MedusaLocker Ransomware Analysis, Simulation, and Mitigation

The Red Report 2024

The Top 10 MITRE ATT&CK Techniques Used by Adversaries


On June 30, 2022, The Cybersecurity and Infrastructure Security Agency (CISA) released a joint advisory on MedusaLocker ransomware [1]. MedusaLocker operates a Ransomware-as-a-Service and has been known to target multiple organizations, especially healthcare and pharmaceutical companies. Although Picus Labs added attack simulations for MedusaLocker ransomware to Picus Threat Library back in October 2021, the recent MedusaLocker ransomware attacks led us to write this blog post.

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MedusaLocker Ransomware

MedusaLocker ransomware is typical ransomware that uses the single extortion model, meaning that the ransomware encrypts its victim's data and demands ransom for the decryption key. Although MedusaLocker threatens its victims to release stolen sensitive data, there is no evidence of data exfiltration.

MedusaLocker also uses the Ransomware-as-a-Service (RaaS) business model. The developer of the MedusaLocker shares the ransomware with other threat actors in return for a share of the ransom payment.

Threat actors that use MedusaLocker ransomware often use vulnerable RDP services to gain initial access to their victim's network. After initial access, the ransomware follows the typical ransomware attack lifecycle and blocks victims from accessing their data.

Figure 1: Ransom note after MedusaLocker infection [2]

TTPs Used by MedusaLocker Ransomware

MedusaLocker ransomware uses the following tactics, techniques, and procedures (TTPs):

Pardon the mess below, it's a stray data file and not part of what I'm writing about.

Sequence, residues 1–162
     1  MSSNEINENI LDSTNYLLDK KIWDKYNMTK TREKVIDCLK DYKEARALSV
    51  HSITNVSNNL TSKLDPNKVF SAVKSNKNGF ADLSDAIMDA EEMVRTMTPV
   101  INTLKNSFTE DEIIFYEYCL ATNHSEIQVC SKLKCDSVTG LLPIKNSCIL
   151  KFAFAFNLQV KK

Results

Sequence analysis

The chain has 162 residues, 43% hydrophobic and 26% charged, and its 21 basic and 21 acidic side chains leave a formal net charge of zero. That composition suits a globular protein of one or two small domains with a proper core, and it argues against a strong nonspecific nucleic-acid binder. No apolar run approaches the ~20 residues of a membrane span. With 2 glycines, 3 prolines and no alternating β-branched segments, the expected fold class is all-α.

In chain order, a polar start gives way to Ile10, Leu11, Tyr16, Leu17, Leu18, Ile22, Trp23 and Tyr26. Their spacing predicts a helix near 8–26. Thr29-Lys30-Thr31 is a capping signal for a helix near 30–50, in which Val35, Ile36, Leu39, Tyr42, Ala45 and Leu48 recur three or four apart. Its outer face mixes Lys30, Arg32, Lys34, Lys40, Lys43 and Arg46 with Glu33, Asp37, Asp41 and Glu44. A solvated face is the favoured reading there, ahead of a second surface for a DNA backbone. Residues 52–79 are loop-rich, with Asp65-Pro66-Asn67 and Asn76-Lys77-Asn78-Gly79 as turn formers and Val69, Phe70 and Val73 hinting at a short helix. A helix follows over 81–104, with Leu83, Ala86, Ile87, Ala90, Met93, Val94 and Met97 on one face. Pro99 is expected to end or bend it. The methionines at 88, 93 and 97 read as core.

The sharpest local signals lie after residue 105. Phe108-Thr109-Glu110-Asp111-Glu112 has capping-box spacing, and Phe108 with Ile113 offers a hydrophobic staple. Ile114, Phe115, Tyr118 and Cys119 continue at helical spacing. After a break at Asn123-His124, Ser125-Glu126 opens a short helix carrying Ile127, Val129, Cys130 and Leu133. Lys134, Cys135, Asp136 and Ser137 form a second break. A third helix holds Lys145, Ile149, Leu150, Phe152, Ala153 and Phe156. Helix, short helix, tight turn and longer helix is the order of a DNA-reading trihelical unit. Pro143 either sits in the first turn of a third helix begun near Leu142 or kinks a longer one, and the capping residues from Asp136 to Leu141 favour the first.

Tactic: Initial Access

  • MITRE ATT&CK T1078 Valid Accounts
    Threat actors use brute-force password guessing for RDP services. The revealed password allows the attacker to gain initial access to the victim's network.
  • MITRE ATT&CK T1566 Phishing
    In some cases, the ransomware is delivered via a phishing email as an attachment.
  • MITRE ATT&CK T1133 External Remote Services
    Threat actors exploit vulnerable RDP services in the victim network to gain initial access.

Tactic: Execution

  • MITRE ATT&CK T1059.001 Command and Scripting Interpreter: PowerShell
    MedusaLocker ransomware typically consists of a batch file named "qzy.bat" and a PowerShell script saved as a text file named "qzy.txt". When the batch file is executed, it calls the text file and runs the PowerShell script in the text file.

sc create purebackup binpath= "%COMSPEC% /C start /b C:\Windows\SysWow64\WindowsPowerShell\v1.0\powershell.exe -c $km = [IO.File]::ReadAllText('C:\Windows\SysWOW64\qzy.txt'); IEX $km" start= auto DisplayName= "purebackup"

  • MITRE ATT&CK T1047 Windows Management Instrumentation